Repo Men follows the tale of two men who work for a company that supplies artificial organs to those in need of transplants. You can also get upgrades, like enhanced vocal chords or colour-changing eyes, but be careful – if you fall behind on the payments, the repo men will come and reclaim your organs in brutal home surgery style. Remy (Law) falls foul of the company himself when his new mechanical heart makes him realise just what it must be like for those he hacks up, and when his inability to perform his job means that he falls behind on his own repayments, it is his long time partner Jake (Whitaker) who must come to repossess the organ. With Remy also trying to protect a homeless singer named Beth (Braga), the stakes are high and a game of cat and mouse ensues.
Whitaker is fantastic in the role of the confused friend, simply unable to understand why Remy cannot just go on as before. Leiv Schreiber also stands out as the passionless, cold and impatient boss who dogs the pair every step of the way, and though Law’s narrations style may promote unfavourable comparisons to that previous flop of his, Alfie, it manages to push through this handicap to become quite enjoyable. The twist ending will pull the rug from under your feet in a spectacular way, turning everything around and reminding you about how modern society really works – harking back to Jake’s earlier speech about rules and enforcers.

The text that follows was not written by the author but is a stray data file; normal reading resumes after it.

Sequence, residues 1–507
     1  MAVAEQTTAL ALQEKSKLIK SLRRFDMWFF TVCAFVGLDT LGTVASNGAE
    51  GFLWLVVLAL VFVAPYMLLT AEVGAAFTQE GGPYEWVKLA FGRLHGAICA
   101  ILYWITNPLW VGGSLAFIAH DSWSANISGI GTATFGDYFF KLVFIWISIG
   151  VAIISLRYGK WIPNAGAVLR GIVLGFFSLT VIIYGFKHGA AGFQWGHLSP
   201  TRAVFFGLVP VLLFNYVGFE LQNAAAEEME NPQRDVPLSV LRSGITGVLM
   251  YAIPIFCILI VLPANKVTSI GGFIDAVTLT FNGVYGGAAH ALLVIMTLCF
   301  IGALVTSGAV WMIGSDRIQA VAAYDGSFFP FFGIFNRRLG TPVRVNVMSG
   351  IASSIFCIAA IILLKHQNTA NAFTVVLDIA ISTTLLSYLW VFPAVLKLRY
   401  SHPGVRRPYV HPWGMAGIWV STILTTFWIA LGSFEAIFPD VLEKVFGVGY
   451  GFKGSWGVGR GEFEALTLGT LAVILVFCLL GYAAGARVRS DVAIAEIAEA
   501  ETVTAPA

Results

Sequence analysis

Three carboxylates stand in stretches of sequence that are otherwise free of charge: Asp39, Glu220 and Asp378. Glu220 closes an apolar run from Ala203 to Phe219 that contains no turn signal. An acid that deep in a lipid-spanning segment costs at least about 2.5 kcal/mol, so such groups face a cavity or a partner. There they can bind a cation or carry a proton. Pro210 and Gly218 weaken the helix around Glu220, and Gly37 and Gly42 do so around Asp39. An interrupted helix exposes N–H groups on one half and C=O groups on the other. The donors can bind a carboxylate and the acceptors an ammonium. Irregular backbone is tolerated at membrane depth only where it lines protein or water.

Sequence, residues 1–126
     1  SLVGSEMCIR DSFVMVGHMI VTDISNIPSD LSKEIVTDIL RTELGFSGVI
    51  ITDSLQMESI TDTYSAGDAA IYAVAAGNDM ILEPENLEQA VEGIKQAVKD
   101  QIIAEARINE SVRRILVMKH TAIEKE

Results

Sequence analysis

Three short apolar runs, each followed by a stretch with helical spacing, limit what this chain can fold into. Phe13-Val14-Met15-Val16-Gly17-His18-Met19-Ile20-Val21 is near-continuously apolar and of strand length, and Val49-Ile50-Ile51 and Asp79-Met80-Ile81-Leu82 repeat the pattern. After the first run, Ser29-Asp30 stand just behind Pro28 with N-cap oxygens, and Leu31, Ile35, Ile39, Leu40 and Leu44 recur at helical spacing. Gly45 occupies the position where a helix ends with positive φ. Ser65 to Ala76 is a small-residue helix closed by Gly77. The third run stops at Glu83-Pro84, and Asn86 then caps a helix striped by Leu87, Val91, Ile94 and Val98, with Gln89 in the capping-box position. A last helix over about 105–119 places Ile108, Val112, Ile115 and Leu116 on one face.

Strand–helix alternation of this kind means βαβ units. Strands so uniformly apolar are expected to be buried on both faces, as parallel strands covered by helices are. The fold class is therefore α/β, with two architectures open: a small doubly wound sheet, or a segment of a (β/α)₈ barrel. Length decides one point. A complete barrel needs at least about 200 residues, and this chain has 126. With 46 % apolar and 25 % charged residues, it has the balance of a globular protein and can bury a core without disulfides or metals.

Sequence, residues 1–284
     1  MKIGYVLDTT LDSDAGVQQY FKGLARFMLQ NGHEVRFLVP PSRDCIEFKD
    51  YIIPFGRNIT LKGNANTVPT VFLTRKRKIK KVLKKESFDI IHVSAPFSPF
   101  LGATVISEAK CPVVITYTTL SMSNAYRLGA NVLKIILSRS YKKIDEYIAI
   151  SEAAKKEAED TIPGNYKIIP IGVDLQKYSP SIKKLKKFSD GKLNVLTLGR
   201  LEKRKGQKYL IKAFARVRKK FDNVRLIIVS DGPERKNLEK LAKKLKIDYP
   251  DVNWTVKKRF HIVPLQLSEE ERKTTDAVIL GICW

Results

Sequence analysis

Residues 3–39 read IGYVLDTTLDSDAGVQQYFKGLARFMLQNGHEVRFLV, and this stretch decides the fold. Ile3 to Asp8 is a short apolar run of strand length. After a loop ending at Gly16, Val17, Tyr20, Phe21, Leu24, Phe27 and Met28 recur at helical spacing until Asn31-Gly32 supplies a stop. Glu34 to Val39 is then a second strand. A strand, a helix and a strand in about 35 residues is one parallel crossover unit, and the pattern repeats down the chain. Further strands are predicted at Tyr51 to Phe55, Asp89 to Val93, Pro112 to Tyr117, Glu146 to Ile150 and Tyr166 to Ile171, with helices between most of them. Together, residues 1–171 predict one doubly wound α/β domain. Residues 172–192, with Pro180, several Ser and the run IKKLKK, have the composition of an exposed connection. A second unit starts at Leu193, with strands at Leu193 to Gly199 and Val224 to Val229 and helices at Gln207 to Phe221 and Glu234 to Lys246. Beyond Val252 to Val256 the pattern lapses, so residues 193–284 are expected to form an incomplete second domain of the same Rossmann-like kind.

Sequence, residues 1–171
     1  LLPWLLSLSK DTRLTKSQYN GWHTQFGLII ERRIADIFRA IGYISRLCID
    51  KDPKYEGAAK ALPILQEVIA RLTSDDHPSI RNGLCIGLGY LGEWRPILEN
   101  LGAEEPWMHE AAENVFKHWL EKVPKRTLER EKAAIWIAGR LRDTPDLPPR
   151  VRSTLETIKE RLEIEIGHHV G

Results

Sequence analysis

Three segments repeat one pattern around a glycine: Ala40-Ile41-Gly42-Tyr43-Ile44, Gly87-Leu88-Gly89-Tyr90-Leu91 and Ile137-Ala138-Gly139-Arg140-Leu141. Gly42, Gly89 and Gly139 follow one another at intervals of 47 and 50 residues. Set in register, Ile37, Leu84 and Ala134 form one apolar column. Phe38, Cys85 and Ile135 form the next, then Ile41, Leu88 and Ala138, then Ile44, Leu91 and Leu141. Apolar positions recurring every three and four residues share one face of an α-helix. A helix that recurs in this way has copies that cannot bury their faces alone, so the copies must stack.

Be warned though that Repo Men is quite a gory film – they are not shy about showing you the organs being repossessed or surgery being done, so it is probably not the best of films to enjoy with a meal – particularly if that meal happens to involve certain fleshy elements! The scene with the scanners in particular is harrowing, as you cannot even imagine the pain the characters must be feeling.